ymin=c(0, head(seq_along(V1)/length(V1), -1)), 


p <- ggplot(mxcum3, aes(xmin=bet-0.5, xmax=bet+0.5, ymin=ymin, ymax=ymax)) + 
    geom_rect(aes(fill=fill), colour="grey80") + 
    scale_fill_gradient("Outcome", formatter="percent", low="red", high="blue") +
    scale_y_continuous(formatter="percent") +


enter image description here

  • I'm still trying to work out what it is your graph is showing. It is very interesting, but I have to disagree. I don't think that it is showing what I have asked for, but as I say, it is interesting. Thanks for the effort, yet again. Sep 14, 2011 at 19:43
  • In that case you have to describe what is different. You asked for the bars to be scaled up to show the size, didn't you?
    – Andrie
    Sep 14, 2011 at 20:06
  • Last try: Take the first graphic in my question and overlay the grid I sketched. Count the number of times a path passes through that particular square on the grid . Colour frequent paths as hot. I think your graphic shows that in 10000 trials, for trial 1, most people score 0, versus the proportion that score 1, (1/6). The graph I am looking for has the layout of my hand-drawn sketch, but the data of the first graph...Because there are only two possible categories for trial 1 (hit miss) there should be two equal bins. thanks for the help btw. Sep 14, 2011 at 21:50
  • I believe that is it. Bloody brilliant. I have learnt lots with these questions. Many thanks Sep 15, 2011 at 7:31
  • I have to ask. I am trying to understand your code. I believe that mxcum2 <- ddply(mxcum, .(bet, outcome), nrow) creates the bins based on the results achieved from the simulation, thus when I simulate more trials the plot is more correct. Is it easy to have the exact number of bins at each level (11,222,3333,44444,55555....etc) without relying directly on the simulation results? Some of the levels have the same number of bins (e.g., 222,333,4444,5555) and this isn't quite right. Thanks. Sep 16, 2011 at 7:48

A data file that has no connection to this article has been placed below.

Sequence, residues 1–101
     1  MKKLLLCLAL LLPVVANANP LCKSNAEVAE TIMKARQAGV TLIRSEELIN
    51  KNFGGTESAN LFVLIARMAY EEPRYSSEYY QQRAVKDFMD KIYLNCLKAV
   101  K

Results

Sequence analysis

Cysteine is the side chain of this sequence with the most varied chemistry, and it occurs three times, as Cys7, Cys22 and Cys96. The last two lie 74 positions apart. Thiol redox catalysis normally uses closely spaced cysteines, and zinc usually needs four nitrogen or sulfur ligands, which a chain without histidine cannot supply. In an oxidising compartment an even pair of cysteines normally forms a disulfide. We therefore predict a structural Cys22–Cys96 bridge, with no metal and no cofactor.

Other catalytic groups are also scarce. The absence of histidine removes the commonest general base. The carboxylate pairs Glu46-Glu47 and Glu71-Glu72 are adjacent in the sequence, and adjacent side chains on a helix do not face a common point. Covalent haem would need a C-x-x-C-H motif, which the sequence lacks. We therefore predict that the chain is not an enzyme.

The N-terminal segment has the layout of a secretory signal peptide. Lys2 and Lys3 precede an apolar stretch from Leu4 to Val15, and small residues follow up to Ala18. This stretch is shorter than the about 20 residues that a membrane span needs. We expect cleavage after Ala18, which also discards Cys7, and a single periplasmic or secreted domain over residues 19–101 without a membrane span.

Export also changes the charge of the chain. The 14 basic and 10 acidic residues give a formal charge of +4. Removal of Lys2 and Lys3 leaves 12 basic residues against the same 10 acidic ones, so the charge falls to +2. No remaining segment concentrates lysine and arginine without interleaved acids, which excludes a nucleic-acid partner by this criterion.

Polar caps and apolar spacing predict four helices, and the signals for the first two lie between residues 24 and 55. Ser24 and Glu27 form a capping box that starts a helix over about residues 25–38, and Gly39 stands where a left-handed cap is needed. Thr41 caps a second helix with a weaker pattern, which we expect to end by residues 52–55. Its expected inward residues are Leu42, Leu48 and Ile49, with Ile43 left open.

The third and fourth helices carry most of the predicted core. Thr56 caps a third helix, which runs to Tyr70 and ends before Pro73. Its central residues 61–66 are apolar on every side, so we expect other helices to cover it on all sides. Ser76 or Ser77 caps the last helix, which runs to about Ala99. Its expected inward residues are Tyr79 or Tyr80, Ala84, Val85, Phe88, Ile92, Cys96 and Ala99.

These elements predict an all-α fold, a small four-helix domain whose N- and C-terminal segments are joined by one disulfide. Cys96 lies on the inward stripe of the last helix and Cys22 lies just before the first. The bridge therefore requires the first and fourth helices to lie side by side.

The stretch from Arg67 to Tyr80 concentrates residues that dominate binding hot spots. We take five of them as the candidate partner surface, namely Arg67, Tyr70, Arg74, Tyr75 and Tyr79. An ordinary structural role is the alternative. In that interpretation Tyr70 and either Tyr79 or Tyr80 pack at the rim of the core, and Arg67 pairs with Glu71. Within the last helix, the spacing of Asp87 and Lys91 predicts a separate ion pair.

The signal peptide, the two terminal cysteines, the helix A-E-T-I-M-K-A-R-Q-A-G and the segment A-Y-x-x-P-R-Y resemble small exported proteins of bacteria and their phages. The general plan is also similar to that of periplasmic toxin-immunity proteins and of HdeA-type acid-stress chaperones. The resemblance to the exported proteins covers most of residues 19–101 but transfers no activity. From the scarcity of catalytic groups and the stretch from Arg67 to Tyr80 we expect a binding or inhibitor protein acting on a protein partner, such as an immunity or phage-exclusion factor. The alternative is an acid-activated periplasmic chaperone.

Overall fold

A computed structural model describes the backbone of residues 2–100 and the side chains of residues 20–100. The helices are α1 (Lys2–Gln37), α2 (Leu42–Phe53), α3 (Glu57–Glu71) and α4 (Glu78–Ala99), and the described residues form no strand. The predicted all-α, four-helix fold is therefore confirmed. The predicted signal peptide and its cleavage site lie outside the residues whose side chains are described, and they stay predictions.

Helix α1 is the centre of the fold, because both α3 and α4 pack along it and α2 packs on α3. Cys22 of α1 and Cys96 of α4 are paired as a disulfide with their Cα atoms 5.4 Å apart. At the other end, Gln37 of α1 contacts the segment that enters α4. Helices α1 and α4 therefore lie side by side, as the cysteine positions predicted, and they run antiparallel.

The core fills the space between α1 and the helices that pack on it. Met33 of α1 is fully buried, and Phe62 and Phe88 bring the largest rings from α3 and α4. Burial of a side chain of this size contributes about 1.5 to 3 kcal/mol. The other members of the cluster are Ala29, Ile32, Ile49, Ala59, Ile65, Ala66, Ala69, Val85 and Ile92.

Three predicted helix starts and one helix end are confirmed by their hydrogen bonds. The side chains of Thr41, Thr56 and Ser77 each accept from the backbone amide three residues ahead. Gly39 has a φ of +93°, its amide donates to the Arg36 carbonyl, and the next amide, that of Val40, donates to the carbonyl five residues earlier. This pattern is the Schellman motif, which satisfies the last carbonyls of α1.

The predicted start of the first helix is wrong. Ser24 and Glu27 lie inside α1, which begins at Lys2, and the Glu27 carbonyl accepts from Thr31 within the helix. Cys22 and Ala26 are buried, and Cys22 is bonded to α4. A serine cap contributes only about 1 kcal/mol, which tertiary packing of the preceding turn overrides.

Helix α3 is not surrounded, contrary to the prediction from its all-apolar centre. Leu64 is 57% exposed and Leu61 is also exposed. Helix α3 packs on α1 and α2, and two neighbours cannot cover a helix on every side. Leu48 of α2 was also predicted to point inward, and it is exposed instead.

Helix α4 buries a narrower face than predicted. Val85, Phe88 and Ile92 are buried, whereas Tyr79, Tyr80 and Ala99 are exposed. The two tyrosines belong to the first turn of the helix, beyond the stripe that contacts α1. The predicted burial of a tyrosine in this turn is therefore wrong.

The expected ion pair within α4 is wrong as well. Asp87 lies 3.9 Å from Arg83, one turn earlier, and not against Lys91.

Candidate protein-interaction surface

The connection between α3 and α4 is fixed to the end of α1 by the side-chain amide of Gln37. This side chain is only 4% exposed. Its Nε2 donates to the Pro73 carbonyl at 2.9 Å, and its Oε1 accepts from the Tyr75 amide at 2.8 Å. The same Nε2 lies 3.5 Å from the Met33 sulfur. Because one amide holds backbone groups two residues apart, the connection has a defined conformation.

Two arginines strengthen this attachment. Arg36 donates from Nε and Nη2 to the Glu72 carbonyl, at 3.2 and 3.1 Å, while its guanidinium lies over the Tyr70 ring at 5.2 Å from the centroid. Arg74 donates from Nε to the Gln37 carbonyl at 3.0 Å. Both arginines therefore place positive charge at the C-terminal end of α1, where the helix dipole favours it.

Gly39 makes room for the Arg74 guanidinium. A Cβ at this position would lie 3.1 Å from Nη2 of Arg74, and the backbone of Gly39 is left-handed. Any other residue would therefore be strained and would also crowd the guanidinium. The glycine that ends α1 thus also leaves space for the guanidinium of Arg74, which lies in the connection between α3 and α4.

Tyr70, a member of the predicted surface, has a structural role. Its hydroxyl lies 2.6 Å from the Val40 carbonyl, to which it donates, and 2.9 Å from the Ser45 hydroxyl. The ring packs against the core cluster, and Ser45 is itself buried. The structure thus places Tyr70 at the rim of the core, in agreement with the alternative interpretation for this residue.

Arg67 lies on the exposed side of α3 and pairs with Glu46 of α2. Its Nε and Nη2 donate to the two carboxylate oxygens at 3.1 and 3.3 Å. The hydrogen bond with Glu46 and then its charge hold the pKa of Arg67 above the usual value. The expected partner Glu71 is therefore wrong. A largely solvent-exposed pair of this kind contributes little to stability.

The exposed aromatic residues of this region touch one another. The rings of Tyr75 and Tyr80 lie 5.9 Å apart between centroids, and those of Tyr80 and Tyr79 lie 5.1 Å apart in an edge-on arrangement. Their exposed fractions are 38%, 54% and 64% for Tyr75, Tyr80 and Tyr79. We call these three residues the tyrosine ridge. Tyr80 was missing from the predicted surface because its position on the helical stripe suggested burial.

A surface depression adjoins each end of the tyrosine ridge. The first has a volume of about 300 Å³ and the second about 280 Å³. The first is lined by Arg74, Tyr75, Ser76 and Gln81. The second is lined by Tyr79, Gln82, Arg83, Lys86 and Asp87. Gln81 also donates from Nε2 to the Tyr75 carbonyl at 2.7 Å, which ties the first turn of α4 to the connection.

FYI: This is more of an extended comment than an answer.

To me, this new plot looks like a stacked bar where each bar's height is equal to the intersection points of the upper and lower line at the next trial.

enter image description here

The way that I would approach this is to treat "Trials" as a categorical variable. Then we can search each row of xcum for elements that are equal. If they are, then we can consider this to be a point of intersection whose minima also represents the multiple defining the height of our bars.

x <- t(xcum)
x <- x[duplicated(x),]
x[x==0] <- NA

Now we have the multiples of the actual points, we need to figure out how to take it to the next step and find a way of binning the information. That means we need to make a decision about how many points will represent each grouping. Let's write some points out for posterity.

Trial 1 (2) = 1, 0.5 # multiple = 0.5
Trial 2 (3) = 1, 0.66, 0.33 #  multiple = 0.33
Trial 3 (4) = 1, 0.75, 0.5, 0.25 # multiple = 0.25
Trial 4 (5) = 1, 0.8,  0.6, 0.4, 0.2 # multiple = 0.2
Trial 5 (6) = 1, 0.8333335, 0.6666668, 0.5000001, 0.3333334, 0.1666667
Trial 36 (35) = 1, 0.9722223, ..., 0.02777778 # mutiple = 0.05555556 / 2

In other words, for each Trial there are n-1 points to plot. In your drawing you have 7 bins. So we need to figure out the multiples for each bin.

Let's cheat and divide the last two columns by two, we know from visual inspection that the minima is lower than 0.05

x[,35:36] <- x[,35:36] / 2

Then find the minimum of each column:

x <- apply(x, 2, function(x) min(x, na.rm=T))[-1] # Drop the 1
x <- x[c(1,2,3,4,8,17,35)] # I'm just guessing here by the "look" of your drawing. 

The clearest way to do this is to create each bin separately. Obviously, this could be done automatically later. Remembering that each point is

bin1 <- data.frame(bin = rep("bin1",2), Frequency = rep(x[1],2))
bin2 <- data.frame(bin = rep("bin2",3), Frequency = rep(x[2],3))
bin3 <- data.frame(bin = rep("bin3",4), Frequency = rep(x[3],4))
bin4 <- data.frame(bin = rep("bin4",5), Frequency = rep(x[4],5))
bin5 <- data.frame(bin = rep("bin5",9), Frequency = rep(x[5],9))
bin6 <- data.frame(bin = rep("bin6",18), Frequency = rep(x[6],18))
bin7 <- data.frame(bin = rep("bin7",36), Frequency = rep(x[7],36))

df <- rbind(bin1,bin2,bin3,bin4,bin5,bin6,bin7)
ggplot(df, aes(bin, Frequency, color=Frequency)) + geom_bar(stat="identity", position="stack")
  • I will have to give your answer some thought. I have clarified what I want from the plot, if that helps people understand why I am not quite happy with what I already have. Thanks. Sep 5, 2011 at 13:46

Your Answer

By clicking “Post Your Answer”, you agree to our terms of service, privacy policy and cookie policy

Not the answer you're looking for? Browse other questions tagged or ask your own question.